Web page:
Simulation/ Modeling

Modelling is defined as creating physical, mathematical, or logical representations of a process, product or service where the implementation of the representations is termed as simulation. Modelling and Simulation allow designers to test design considerations or specifications with the potential users before the formal process, product or service is launched. The terms modeling and simulation are extensively used in the technological context; however, models in the physical or real world are called prototypes and role-play, informance or role-reversals are different forms of non-virtual simulations. Similarly, virtual models are used to test digital products and services to understand user experience during a simulation. Additionally, the virtual models help shorten the design and test cycle. It also gives the researcher immediate feedback to alter the model and re-test it quickly.

Quick details: Simulation/ Modeling

Structure: Structured, Semi-structured

Preparation: Topics to be simulated, Simulation tools

Deliverables: Models, Prototypes

More about Simulation/ Modelling

In the early stages of design, the researcher spends a lot of time in research to figure out the potential solutions to a problem that the target customer segments are facing. The researcher may start believing that they have arrived at an ideal solution, which introduces a bias or limits the extent to which a researcher is willing to explore. It is, therefore, important to test out these solutions in the form of modelling and simulation to collect immediate feedback on design decisions and carry out a more comprehensive exploration of alternatives to incorporate changes before designing the final product or service for launch in the market for a wider audience.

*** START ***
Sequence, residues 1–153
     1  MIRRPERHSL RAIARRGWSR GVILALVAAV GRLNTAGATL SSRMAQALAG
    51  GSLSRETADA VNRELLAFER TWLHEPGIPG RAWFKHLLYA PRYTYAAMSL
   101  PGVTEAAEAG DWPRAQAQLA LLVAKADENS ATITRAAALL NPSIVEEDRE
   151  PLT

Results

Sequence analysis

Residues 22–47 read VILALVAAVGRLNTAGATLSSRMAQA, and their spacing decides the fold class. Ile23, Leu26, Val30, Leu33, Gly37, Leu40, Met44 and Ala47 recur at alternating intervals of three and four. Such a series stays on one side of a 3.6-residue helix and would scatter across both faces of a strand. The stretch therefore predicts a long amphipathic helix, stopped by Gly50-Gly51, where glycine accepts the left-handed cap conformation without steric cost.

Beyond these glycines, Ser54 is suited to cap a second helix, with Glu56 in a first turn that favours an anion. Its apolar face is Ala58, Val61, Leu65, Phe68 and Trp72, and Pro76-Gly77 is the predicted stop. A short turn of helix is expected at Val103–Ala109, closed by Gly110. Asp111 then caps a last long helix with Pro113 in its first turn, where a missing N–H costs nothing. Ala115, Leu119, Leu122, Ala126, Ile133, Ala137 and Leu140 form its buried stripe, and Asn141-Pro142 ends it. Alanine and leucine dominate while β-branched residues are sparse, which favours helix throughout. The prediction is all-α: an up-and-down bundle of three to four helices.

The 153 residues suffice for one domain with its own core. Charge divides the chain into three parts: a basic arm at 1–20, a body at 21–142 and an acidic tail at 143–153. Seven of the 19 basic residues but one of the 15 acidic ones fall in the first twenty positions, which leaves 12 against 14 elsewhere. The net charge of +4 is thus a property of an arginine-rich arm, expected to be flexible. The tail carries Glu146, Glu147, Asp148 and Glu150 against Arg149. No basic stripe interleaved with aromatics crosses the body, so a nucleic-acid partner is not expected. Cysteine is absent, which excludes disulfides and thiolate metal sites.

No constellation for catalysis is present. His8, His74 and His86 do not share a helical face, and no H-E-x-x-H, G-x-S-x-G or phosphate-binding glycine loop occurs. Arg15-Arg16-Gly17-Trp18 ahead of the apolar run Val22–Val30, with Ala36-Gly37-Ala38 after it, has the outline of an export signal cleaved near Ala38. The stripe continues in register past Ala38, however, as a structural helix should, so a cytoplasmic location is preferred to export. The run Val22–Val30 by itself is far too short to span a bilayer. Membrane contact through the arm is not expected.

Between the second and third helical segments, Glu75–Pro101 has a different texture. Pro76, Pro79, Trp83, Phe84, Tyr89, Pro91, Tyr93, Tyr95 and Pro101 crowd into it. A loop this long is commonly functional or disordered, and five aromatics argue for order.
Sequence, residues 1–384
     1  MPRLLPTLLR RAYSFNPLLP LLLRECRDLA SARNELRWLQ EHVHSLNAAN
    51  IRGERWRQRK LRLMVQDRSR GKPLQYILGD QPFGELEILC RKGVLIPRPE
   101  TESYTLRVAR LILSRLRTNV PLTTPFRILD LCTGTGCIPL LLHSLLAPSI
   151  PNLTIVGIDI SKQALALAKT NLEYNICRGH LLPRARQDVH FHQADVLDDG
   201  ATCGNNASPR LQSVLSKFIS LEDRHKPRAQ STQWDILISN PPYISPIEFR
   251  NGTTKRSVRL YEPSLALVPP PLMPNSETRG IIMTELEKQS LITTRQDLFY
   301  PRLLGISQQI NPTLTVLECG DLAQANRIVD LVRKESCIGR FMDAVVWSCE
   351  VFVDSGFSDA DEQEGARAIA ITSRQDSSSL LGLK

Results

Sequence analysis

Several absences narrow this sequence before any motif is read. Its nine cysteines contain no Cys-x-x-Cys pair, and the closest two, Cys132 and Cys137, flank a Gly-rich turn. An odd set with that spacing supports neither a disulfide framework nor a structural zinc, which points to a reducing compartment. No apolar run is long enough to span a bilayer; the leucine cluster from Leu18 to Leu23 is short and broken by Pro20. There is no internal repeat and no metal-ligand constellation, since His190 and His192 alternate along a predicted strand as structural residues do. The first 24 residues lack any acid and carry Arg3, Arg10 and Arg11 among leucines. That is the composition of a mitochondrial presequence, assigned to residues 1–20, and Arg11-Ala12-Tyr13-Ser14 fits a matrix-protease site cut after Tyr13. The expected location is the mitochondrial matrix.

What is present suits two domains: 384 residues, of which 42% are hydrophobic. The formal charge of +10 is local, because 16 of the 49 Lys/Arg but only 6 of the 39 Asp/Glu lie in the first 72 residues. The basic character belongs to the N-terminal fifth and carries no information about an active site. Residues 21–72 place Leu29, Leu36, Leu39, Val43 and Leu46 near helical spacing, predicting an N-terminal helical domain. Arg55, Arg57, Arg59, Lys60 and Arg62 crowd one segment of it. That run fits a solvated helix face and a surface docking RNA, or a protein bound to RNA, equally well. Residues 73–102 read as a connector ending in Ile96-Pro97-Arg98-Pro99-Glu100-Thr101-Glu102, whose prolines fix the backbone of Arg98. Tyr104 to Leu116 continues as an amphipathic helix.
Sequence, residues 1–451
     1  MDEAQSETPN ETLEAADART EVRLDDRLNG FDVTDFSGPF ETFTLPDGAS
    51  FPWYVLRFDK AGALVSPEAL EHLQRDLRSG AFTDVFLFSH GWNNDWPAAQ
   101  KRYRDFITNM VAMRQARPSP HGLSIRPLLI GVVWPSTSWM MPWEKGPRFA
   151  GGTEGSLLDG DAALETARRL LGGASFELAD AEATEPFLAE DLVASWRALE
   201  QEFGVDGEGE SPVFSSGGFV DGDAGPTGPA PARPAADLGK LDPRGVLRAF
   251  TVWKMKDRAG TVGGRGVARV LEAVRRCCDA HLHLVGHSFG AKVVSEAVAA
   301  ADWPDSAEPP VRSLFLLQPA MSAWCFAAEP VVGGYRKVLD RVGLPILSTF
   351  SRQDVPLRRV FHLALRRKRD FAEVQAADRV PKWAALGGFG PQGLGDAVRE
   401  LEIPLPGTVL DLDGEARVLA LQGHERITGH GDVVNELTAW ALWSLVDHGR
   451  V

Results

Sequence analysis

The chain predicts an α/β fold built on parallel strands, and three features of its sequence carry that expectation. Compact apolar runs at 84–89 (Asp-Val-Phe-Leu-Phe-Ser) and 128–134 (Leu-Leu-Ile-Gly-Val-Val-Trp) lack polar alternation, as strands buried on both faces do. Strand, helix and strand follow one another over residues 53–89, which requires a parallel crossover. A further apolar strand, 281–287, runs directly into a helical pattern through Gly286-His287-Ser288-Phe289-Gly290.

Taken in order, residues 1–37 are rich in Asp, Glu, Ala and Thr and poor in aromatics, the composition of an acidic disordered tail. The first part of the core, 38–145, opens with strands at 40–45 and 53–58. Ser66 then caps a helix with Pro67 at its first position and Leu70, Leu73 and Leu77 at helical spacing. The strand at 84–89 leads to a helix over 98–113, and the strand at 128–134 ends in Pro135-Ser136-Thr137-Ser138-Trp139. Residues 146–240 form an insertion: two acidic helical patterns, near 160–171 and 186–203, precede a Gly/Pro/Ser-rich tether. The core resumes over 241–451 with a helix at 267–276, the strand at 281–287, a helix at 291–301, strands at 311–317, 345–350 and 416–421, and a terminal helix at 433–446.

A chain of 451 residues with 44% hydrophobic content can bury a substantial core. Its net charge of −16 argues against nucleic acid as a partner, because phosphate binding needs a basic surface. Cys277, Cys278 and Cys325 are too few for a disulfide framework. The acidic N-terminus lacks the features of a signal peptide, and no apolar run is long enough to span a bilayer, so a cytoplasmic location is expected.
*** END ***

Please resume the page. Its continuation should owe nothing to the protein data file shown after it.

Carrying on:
This is especially true for online models and simulations, here the model can be accessed by a large number of users at a time and the user experience, heat maps, analytics and other data from the simulation can be captured and analyzed to draw conclusions. 

A small part or whole virtual product solution or service offering can be modelled to test the design specifications. Modelling helps to bring ideas or concepts to life and explore the real-world acceptance, impact or value that idea or concept can have. Modelling also helps in thinking through, building an understanding of customer or user experiences and bridges the gap between the proposed design and the user needs. Models also help poke holes in design research that would be difficult to spot otherwise until the product is launched.


Advantages of Simulation/Modeling

1. Number of users

The number of users who can be involved in the testing of models and simulations can be large if the simulation is online.

2. Validation of research findings

Research conducted during the early stages of a project does not tell us everything about the optimal solution. A lot of positive feedback or glitches are discovered only once we test. By modelling and simulations, we can uncover far richer insights and validate findings from initial research.

3. Applications

Modelling can be used to test a different kind of ideas, concepts in different forms as well as applicable at different stages of design and re-design process.

4. Issues and Error Identification

Modelling and Simulation allows identifying issues as well as errors or biases that may have been introduced into research during the early stages of solution formulation.

5. End-User engagement